• Text & Headings
  • Images & Videos
  • Galleries
  • Embeds, like YouTube, Tweets, or other WordPress posts.
  • Layout blocks, like Buttons, Hero Images, Separators, etc.
  • And Lists like this one of course 🙂

Visual Editing

A huge benefit of blocks is that you can edit them in place and manipulate your content directly. Instead of having fields for editing things like the source of a quote, or the text of a button, you can directly change the content. Try editing the following quote:

The editor will endeavour to create a new page and post building experience that makes writing rich posts effortless, and has “blocks” to make it easy what today might take shortcodes, custom HTML, or “mystery meat” embed discovery.

Matt Mullenweg, 2017

The information corresponding to the source of the quote is a separate text field, similar to captions under images, so the structure of the quote is protected even if you select, modify, or remove the source. It’s always easy to add it back.

Blocks can be anything you need. For instance, you may want to add a subdued quote as part of the composition of your text, or you may prefer to display a giant stylized one. All of these options are available in the inserter.

You can change the amount of columns in your galleries by dragging a slider in the block inspector in the sidebar.

Media Rich

If you combine the new wide and full-wide alignments with galleries, you can create a very media rich layout, very quickly:

Accessibility is important — don’t forget image alt attribute

Sure, the full-wide image can be pretty big. But sometimes the image is worth it.

The above is a gallery with just two images. It’s an easier way to create visually appealing layouts, without having to deal with floats. You can also easily convert the gallery back to individual images again, by using the block switcher.

Any block can opt into these alignments. The embed block has them also, and is responsive out of the box:

You can build any block you like, static or dynamic, decorative or plain. Here’s a pullquote block:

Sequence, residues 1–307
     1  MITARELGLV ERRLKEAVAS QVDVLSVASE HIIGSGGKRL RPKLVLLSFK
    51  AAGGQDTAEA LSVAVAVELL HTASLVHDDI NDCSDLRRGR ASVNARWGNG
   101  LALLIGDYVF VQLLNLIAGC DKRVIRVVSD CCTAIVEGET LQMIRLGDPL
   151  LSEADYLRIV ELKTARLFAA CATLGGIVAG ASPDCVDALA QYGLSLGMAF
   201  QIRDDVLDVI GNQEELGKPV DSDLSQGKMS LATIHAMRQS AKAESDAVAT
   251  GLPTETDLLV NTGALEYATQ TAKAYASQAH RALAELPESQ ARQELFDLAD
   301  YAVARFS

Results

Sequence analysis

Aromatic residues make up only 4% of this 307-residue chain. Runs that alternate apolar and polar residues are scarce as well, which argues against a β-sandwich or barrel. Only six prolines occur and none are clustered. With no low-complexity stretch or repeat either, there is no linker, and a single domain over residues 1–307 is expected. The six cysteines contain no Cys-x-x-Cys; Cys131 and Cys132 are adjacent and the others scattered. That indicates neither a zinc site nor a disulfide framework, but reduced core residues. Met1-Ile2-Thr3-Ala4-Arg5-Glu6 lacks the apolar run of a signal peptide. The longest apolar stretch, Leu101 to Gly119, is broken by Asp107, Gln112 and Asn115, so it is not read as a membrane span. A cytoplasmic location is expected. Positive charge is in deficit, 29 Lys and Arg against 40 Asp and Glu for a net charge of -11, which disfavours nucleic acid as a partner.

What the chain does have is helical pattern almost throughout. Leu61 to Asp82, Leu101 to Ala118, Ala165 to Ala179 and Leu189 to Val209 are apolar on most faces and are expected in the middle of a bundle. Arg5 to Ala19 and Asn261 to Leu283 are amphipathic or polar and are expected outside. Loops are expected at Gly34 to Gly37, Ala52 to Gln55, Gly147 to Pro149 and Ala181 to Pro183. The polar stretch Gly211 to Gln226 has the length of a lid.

Code is Poetry

The WordPress community

If you want to learn more about how to build additional blocks, or if you are interested in helping with the project, head over to the GitHub repository.


Thanks for testing Gutenberg!

👋

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New WordPress Editor

Yesterday I received word that the Springwater Trails website has been upgraded to WordPress version 5.0.

The major change in this version is a new editor. When you create or edit a Post you will be using the new editor.  This occurs if you want to write about a hike we have taken – for example, if you lead a hike and would like to describe how it went and include some pictures.

Here are some of the changes to the editor. 

Melissa and Donna go over the edge
  • The editor seems much cleaner. In other words, things you are used to seeing around the editor box on your screen have moved and you will need to hunt for them.  So far, I haven’t noticed anything missing, but you will need to look.
    • Specifically the right side shows Document and Block tabs.  The default is Block, which contains settings for the current block – often a block is just a paragraph, but more later.
    • Most of the old settings are under the Document Tab.
    • Above the editor region is a short menu on the left and a “Publish” menu on the right.  If you want to save your Post to come back to later, you can “Save Draft”.  That way, only you can see it when you go to the Dashboard and click on Posts->All Posts. If you “Publish” then it becomes available to the public on the website, although you can still come back and edit it.  
    • We rarely change the date that a post is published. If you want to do that, the publish date is on the Document tab.